Journal of molecular medicine (Berlin, Germany)

Mice lacking mitochondrial ferritin are more sensitive to doxorubicin-mediated cardiotoxicity.

PMID 24728422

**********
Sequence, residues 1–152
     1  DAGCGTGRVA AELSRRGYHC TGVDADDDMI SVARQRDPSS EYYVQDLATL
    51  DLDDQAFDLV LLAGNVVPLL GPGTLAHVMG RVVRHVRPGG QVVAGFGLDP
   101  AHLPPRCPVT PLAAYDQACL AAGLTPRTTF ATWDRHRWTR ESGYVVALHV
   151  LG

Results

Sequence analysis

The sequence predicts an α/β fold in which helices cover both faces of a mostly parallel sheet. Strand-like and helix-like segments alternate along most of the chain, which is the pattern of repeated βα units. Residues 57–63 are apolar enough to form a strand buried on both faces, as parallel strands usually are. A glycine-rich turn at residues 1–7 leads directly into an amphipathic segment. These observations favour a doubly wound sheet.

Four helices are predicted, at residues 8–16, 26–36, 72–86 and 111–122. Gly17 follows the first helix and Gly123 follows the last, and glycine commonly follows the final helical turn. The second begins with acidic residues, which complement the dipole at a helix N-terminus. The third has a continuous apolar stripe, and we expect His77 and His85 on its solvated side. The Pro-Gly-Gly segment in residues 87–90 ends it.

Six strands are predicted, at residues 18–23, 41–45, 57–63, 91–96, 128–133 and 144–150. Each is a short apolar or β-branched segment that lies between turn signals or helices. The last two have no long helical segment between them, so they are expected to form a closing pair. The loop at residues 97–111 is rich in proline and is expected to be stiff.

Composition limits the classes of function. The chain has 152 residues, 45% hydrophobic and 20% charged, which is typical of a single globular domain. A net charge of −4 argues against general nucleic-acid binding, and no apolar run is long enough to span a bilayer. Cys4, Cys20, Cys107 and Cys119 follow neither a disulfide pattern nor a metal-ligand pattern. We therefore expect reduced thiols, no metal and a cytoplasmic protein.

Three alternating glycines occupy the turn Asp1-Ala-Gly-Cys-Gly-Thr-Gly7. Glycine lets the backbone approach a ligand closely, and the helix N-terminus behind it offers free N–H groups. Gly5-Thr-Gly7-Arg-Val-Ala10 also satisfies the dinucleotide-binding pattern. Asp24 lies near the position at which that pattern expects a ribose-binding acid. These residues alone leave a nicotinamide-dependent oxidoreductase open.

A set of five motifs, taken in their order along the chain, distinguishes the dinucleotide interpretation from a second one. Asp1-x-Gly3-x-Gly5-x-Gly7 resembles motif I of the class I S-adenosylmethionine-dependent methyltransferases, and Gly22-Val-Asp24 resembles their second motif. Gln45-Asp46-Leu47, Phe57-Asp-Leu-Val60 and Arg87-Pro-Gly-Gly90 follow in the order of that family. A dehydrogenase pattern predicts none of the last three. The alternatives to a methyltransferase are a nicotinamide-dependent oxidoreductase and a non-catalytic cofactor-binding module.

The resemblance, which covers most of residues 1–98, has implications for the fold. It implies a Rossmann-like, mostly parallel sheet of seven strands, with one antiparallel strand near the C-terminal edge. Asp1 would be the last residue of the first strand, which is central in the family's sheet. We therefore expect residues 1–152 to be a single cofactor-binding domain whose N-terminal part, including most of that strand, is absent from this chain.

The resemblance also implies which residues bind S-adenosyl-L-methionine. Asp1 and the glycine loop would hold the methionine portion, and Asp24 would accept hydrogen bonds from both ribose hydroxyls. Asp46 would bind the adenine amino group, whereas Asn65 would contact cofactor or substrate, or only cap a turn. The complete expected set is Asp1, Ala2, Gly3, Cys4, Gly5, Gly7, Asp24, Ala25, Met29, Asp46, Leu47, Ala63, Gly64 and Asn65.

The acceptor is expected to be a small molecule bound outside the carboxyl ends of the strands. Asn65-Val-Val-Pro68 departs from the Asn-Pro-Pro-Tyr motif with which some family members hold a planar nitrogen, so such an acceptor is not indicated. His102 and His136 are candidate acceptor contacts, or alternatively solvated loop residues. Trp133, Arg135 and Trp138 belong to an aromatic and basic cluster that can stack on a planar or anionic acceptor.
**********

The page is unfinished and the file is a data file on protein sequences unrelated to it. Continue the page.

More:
Mitochondrial ferritin is a functional ferritin that localizes in the mitochondria. It is expressed in the testis, heart, brain, and cells with active respiratory activity. Its overexpression in cultured cells protected against oxidative damage and reduced cytosolic iron availability. However, no overt phenotype was described in mice with inactivation of the FtMt gene. Here, we used the doxorubicin model of cardiac injury in a novel strain of FtMt-null mice to investigate the antioxidant role of FtMt. These mice did not show any evident phenotype, but after acute treatment to doxorubicin, they showed enhanced mortality and altered heart morphology with fibril disorganization and severe mitochondrial damage. Signs of mitochondrial damage were present also in mock-treated FtMt(-/-) mice. The hearts of saline- and doxorubicin-treated FtMt(-/-) mice had higher thiobarbituric acid reactive substance levels, heme oxygenase 1 expression, and protein oxidation, but did not differ from FtMt(+/+) in the cardiac damage marker B-type natriuretic peptide (BNP), ATP levels, and apoptosis. However, the autophagy marker LC3 was activated. The results show that the absence of FtMt, which is highly expressed in the heart, increases the sensitivity of heart mitochondria to the toxicity of doxorubicin. This study represents the first in vivo evidence of the antioxidant role of FtMt. Mitochondrial ferritin (FtMt) expressed in the heart has a protective antioxidant role. Acute treatment with doxorubicin caused the death of all FtMt(-/-) and only of 60xa0% FtMt(+/+) mice. The hearts of FtMt(-/-) mice showed fibril disorganization and mitochondrial damage. Markers of oxidative damage and autophagy were increased in FtMt(-/-) hearts. This is the first in vivo evidence of the antioxidant role of FtMt.